I took the stars and made a map.

I knew that somehow I would find my way back.

poet, treehugger, empath, queer, nerd, deep in love, pagan, librarian, activist, musician, healer, geek, haunted, full of grace, eater of persimmons

I heard your heart beating; it was in darkness too, so I stayed in the darkness with you.

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Posts tagged "clever things"

Writers and their favorite snacks!  Who doesn’t love snacks?

(via reallier)

And it’s all just a jump to the left!


The Criminologist has no neck. Frank is a transvestite that will fuck anything that moves. Rocky is only 1/7th of a man. Columbia gets shot in the tits by a laser. Dr. Scott is a cripple but fishnets cure paraplegia. Eddie has a Teddy, then he becomes dinner. Janet is a slut. Brad is an asshole. Magenta and Riff Raff love incest. Frank didn’t go down and as a result is killed. The castle gets beamed back to Transsexual Transylvania.

Ray Bradbury’s Fahrenheit 451 as imagined by betterbooktitles. 

Ray Bradbury’s Fahrenheit 451 as imagined by betterbooktitles

I’ve recently re-fallen in love with the Muppets.  The new film, the first in ten years, seems full of the zany sweetness and unashamed, slightly corny, childlike wisdom that makes the Muppets so charming. 

Trying to bring them into the 21st century by removing them from it was a major mistake on the part of the franchise.  The Muppets can certainly fit in anywhere, and can be great fun in space or on the high seas.  But they belong in the real world— sort of.  That sort-of-real world that exposes one to grave danger, fosters growth and yet shelters innocence.  That sort-of-real world that we all imagined being part of as children.  Idealism isn’t crushed there.  Teamwork makes you stronger, helps you face your fears on your own.  Mountains always cost, always hurt, but they can always be climbed.  And the view from the top is always worth it.

I’m really happy to see the Muppets being resurrected in that spirit, the same way that they started.  With love and innocence, and a gloriously self-referential sense of humor, on dual levels of understanding.  And cannonballs.  And misunderstandings.  And requited love.  And Mahna Mahna.  

I’m really happy to see Jason Segal going back to the beginning, with a story that feels not trite as much as comfortable, a way to come home.  For all of us who grew up in dust and the glitter backstage at the old Muppet Theater, coming home is what it’s like.  To a reminder of a time when we really believed

Because even under all the jaded exhaustion and sharp contrariness of our chaotic adult lives, we still do.  And believe, too, that somehow— someday— we’ll find it.  That song about rainbows.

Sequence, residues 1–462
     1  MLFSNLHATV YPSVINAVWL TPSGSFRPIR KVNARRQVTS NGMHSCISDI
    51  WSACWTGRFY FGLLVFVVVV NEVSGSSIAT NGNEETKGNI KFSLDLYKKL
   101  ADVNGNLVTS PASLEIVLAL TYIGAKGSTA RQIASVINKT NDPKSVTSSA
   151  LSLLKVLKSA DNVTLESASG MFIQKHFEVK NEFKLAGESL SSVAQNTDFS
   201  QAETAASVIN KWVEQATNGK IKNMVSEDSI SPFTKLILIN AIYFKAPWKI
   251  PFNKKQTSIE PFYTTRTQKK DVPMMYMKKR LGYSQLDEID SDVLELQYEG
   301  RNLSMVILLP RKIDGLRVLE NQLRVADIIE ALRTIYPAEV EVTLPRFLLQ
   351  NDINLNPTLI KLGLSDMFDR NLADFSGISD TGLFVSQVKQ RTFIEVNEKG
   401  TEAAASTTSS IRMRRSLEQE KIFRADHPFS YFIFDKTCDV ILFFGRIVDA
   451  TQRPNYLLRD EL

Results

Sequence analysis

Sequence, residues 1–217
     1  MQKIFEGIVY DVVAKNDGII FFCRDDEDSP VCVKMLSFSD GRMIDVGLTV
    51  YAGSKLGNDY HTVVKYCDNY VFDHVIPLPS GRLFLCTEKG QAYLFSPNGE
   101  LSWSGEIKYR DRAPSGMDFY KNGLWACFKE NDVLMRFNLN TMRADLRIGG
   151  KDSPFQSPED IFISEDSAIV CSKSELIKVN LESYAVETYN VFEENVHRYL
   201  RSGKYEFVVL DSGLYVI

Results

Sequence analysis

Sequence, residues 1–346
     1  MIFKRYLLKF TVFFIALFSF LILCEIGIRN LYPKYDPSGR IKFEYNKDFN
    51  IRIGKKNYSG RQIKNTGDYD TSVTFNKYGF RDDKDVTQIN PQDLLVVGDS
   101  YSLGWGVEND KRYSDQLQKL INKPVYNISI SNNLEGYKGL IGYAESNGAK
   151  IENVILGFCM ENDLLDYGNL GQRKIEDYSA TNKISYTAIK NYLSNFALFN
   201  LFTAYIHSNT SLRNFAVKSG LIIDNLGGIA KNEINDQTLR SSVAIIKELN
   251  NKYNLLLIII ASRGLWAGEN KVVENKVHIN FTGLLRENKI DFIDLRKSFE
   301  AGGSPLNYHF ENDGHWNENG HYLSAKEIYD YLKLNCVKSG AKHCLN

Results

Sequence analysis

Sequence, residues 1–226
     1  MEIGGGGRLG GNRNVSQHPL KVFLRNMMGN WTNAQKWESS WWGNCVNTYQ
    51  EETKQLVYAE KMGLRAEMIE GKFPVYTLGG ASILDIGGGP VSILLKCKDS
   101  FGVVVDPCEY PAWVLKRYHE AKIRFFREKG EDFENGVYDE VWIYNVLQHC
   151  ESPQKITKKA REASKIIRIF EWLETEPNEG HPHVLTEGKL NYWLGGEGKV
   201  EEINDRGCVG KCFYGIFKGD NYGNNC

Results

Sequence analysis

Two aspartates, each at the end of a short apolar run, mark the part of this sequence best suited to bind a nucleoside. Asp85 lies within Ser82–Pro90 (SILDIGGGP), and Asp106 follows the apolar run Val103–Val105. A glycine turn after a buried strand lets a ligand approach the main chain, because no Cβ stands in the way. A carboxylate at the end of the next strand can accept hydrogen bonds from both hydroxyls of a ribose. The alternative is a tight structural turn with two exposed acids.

It’s still something that we’re supposed to be.

Speaking of covers…

Note: I started this post as an audio file, but realized too late that my song file isn’t an Mp3.  Hence this post.  Ignore the visuals and just listen to the song.

This ‘Watchtower’ cover is credited to Bear McCreary, the gifted composer of the score to Battlestar Galactica.  I’m not always one to recognize the brilliance of film scores, but this guy is amazing.  He created musical themes for not just people and places, but ideas, emotions, longings, and he wove them all together seamlessly, so that it sounded new each time, but you still recognized each themes as that emotion hit you in the gut. 

Watchtower was the only ‘modern’ song he used in the entire four-year score.  He wove the melody into his themes long before he introduced the song itself.  When he did finally use the lyrics— just once— it was in a climactic moment, and the song exponentially heightened the heart-stopping impact of that moment.  And it didn’t even sound out of place!

The man won almost every award you can possibly think of for the music in that show.  Deserved.  The show did, too.  It was better than most films I’ve seen.  It was a stark critique of America’s “war on terror” (I love that it ran on the same night as 24!) and a deeply understanding portrayal of a flawed, passionate group of people.  Critics raved— “passionate, textured, complex, subversive and challenging”. I generally try not to rave, myself.  This one’s worth it.

Nothing can beat Hendrix.  But I truly love this cover. 

Listen to it five times in a row, and then go check out BSG.


Report: Life Put In Hands of 2,000 Complete Strangers Every Day

WASHINGTON—According to a new report from the National Institute for Safety Management, on any given day, the average American’s life is entrusted to more than 2,000 different people who are complete strangers.

The report, which shows how any one of these anonymous individuals making a single mistake can easily cause another person’s death, concluded that it is only through sheer luck that anyone ever makes it through a 24-hour period alive.

People you don’t know [read more]

A 1914 US clothing ad featured this image.  I love it.

A 1914 US clothing ad featured this image.  I love it.

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Nighty Night

8in8, “tomorrow’s supergroup today”, is comprised of Ben Folds, Damian Kulash, Amanda Palmer and Neil Gaiman, who continues to raise the bar of Awesome. 

Joan of Arc can be found in the park on random Sundays, where she plots the overthrow of the Empire, and sings with Tom Lehrer about poisoning pigeons.